The cyber center coordinates with theater forces such as the Army G-6 (SIGNAL Magazine, November 2013, page 26, “Korean Military Networks …”). The Joint Network Control Center and the 1st Signal Brigade, which provides much of the unclassified theater capabilities, offer the cyber center the ability to synchronize cyber efforts.

For example, the 1st Signal Brigade manages the Army’s unclassified network. But, if the cyber center observes an activity with that network, the brigade command will collaborate with the cyber center on potential measures, which would be funneled up the chain of command as needed.

The center achieved initial operational capability in February 2013. It should reach full operational capability within a year, the colonel estimates. The command has been building the capability since 2011.

The center had its origins in a desire by the command for a capability with improved fidelity both for internal defenses and for the overall cyber environment. This entailed what the colonel describes as a radical approach: examining the functions of the J-2, the J-3 and the J-6, and then merging those functions into the new center.

“When you look at cyber as a new domain—and we are looking at cyber as an operational piece—you have to have a J-3 element involved with that,” Col. Johnson says. The J-6 is at the center of cyber, and the intelligence aspect is necessary to know what adversaries are doing. The JCC allows the command to fuse those into a single organization that provides the full range of capabilities needed for cyberdefense amid operations.

The colonel relates that cyber only recently was added to the various annual exercises conducted on the Korean peninsula. When J-6 planners began to add cyber to these exercises, they brought the J-2 and J-3 into the effort. What they learned from the exercises, they sought to operationalize in theater.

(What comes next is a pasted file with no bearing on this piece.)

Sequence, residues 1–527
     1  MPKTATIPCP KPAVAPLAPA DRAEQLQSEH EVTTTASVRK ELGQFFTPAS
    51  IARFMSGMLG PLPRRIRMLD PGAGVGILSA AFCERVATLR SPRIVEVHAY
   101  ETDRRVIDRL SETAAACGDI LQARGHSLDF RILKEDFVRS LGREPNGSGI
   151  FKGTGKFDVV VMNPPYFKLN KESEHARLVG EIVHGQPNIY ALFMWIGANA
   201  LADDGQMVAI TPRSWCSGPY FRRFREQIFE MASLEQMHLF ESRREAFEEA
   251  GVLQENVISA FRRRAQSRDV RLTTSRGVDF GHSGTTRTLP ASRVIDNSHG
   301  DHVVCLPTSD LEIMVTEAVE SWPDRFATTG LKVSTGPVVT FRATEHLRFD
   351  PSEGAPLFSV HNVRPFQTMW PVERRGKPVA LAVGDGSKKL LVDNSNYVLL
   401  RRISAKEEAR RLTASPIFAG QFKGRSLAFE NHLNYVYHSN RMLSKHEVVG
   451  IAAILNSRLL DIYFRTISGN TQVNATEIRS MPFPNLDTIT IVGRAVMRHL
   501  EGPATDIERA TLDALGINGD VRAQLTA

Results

The new Joint Information Environment (JIE) will enable greater homogeneity sooner rather than later, Col. Johnson offers. This will help cybersecurity efforts across the Defense Department. “The more you can flatten your cyber terrain makes it easier to defend that terrain,” he points out. Similarly, an individual’s security expertise will transfer from one command to another without requiring new training. “You will get the same [security] effects across the entire enterprise,” he says.

The JCC is involved with JIE discussions, the colonel notes. “We’re finding new ways to get this right up front. As JIE evolves, the JCC will involve [itself] and adjust to leverage those capabilities you get out of JIE—and become more effective.

“Making sure we continue to lock the JCC in with the JIE effort is going to be paramount,” he continues. “When you have various networks, and you expand what you have to defend, it becomes untenable at some point. That [JIE] effort is going to make us better; and if we can accelerate those JIE initiatives where we can, then we can get closer to the goal sooner rather than later,” he offers.

“On a daily basis, we have to make sure that we are seeing what is seeable and having a good feel for what is going on around us,” Col. Johnson says. “Just like in any operation, you have to ‘have your ears on’ and ensure that, when things just don’t seem right, you don’t hand wave and obviate.

“A lot of it is thinking ahead,” he continues. “It’s not just important to look at what is happening today. You have to have a good understanding of what you think is going to happen down the road, and then take a good look at how your capabilities are stacking up.”

The JCC continues to move toward full operational capability. Col. Johnson allows that the center is institutionalizing policies and procedures for the long term—“all the things that go into locking down a capability.

“It’s good to start out with something that’s a good idea, and that good idea transitions into a great capability,” he says. “Now you have to be able to sustain that for the long term, and there is still work to be done. Still, we’re making great progress in that area. Being able to lock that down with the manning and resourcing for the duration makes that an enduring capability,” he declares.

As with many specialties, efforts focus on people, processes and technology, the colonel continues. “You always have the challenge that every network defender, every network provider has,” he points out. “You can set up 27,000 gates, and all it takes is for one person to lose their key and then you have a challenge.”